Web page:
Stanton, B., Dinaj-Koci, V., Wang, B., et al. AIDS and Behavior (October 2015), E-publication ahead of print.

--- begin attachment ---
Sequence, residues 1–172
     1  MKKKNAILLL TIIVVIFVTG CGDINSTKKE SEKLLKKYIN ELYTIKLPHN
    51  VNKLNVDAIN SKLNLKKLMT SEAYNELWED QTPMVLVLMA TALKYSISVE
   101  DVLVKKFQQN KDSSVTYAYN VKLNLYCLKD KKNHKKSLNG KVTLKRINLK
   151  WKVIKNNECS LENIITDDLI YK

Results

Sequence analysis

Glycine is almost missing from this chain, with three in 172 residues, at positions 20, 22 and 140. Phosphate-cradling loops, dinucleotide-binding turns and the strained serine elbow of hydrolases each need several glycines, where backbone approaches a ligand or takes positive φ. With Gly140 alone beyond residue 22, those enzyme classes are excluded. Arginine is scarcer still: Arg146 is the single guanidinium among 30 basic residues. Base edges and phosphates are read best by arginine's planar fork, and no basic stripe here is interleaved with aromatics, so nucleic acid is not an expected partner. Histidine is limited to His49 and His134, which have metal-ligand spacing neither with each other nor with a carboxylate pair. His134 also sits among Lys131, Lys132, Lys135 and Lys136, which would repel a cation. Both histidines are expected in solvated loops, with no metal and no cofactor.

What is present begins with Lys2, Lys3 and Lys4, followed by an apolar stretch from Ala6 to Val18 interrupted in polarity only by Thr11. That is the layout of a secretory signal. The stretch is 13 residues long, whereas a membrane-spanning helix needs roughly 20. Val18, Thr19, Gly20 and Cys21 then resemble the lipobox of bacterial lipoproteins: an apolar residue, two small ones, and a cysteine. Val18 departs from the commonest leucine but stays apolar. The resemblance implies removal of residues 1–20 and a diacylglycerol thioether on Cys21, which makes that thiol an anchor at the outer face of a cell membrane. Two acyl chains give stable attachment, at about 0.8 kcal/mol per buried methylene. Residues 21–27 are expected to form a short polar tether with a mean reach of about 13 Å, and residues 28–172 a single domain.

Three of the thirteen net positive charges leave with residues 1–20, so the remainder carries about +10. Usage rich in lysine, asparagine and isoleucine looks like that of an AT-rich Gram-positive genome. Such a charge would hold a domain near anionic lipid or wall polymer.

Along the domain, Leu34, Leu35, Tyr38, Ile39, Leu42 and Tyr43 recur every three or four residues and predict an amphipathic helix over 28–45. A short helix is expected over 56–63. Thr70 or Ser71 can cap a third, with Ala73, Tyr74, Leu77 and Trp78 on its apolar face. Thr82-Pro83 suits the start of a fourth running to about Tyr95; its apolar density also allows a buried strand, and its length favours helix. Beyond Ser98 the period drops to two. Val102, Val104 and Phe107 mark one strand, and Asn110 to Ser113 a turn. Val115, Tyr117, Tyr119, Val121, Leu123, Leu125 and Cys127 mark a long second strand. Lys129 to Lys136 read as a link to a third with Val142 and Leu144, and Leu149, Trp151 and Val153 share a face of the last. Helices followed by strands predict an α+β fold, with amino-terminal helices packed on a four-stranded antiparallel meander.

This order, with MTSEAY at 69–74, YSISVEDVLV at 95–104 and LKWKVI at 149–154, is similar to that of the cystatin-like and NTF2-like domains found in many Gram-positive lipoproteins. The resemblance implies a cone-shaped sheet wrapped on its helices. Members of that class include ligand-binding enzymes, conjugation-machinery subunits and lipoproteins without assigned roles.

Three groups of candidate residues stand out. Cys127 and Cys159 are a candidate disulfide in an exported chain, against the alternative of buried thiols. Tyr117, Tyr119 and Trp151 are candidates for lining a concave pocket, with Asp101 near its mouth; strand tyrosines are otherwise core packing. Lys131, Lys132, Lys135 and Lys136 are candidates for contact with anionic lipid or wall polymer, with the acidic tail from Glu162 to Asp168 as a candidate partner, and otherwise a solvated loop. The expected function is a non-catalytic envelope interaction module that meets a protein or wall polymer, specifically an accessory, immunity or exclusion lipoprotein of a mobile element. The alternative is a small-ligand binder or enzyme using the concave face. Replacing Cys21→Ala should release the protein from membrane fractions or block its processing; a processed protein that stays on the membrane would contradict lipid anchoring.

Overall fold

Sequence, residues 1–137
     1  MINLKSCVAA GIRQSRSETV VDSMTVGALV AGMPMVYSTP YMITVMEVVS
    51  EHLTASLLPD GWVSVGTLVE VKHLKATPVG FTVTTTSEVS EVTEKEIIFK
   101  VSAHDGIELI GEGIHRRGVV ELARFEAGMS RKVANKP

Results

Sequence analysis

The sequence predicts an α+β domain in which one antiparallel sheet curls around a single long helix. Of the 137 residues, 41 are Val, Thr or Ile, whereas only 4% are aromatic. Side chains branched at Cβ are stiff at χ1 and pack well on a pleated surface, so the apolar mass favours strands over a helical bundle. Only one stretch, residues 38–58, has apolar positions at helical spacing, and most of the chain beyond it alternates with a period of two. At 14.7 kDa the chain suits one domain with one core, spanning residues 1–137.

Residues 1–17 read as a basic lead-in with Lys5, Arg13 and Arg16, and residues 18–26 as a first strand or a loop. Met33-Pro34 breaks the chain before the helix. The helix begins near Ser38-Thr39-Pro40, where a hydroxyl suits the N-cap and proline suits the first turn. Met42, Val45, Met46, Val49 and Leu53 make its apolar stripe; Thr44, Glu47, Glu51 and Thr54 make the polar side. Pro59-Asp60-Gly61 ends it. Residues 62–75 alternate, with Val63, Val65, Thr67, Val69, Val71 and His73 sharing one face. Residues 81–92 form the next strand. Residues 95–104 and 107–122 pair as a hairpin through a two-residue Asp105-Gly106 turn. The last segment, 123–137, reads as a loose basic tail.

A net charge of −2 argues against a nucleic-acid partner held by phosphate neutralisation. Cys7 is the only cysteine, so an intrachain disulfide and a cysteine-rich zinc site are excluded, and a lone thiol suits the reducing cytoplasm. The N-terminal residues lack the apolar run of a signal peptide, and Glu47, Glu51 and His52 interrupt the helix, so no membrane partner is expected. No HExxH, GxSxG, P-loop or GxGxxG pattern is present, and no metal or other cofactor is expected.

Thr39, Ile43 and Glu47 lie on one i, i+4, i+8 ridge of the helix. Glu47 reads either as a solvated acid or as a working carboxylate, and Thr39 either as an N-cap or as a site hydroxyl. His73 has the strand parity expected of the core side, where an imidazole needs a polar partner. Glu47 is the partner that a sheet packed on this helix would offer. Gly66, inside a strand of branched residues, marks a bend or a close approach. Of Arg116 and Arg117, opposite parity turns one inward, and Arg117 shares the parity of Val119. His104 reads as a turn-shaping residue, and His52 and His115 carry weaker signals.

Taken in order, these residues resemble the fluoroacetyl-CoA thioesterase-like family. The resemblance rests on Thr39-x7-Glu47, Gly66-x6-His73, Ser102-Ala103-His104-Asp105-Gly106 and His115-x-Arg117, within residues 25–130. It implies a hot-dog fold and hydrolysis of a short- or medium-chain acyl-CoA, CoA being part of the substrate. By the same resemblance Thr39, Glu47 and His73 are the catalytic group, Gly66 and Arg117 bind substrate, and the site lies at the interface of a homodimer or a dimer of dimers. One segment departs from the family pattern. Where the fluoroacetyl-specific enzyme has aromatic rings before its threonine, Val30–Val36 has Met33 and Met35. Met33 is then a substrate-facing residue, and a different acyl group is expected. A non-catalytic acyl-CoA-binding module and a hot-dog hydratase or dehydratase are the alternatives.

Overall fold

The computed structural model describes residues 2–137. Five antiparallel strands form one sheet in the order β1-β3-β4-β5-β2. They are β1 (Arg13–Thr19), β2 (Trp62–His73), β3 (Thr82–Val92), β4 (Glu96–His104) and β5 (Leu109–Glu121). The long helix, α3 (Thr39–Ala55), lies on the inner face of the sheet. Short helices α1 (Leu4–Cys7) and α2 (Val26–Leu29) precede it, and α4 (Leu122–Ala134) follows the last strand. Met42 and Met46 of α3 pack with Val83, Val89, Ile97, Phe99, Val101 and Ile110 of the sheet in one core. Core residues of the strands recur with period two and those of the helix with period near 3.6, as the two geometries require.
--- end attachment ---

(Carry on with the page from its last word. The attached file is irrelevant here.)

The authors of this article used data from two studies that examined the effects of a longitudinal, school-based, combined parent-child HIV prevention intervention conducted during pre- and mid-adolescence. The study involved 598 students in New Providence, Bahamas who had enrolled in the studies in both grade 6 (2005) and grade 10 (2009). The student intervention in both studies included interactive discussions, role-plays, and games to increase knowledge and skills regarding sexual-risk avoidance. Also, in both studies, the students' parents were randomized to participate with their children in a parental monitoring and communication intervention, an intervention about career planning, or no intervention. Findings showed high intention to use condoms in all groups. However, only students whose parents had attended interventions reported significantly higher condom use, suggesting the importance of parents to HIV prevention in youth. Additionally, while recipients of only the grade-6 intervention showed protective effects that were sustained over time, recipients of both grade 6 and grade 10 interventions appeared to receive additional benefits spanning a greater time period. These findings suggested that school-based programs delivered at different developmental periods are important, both to reach youth who may have missed the intervention earlier in adolescence and to reinforce the effects of the earlier intervention.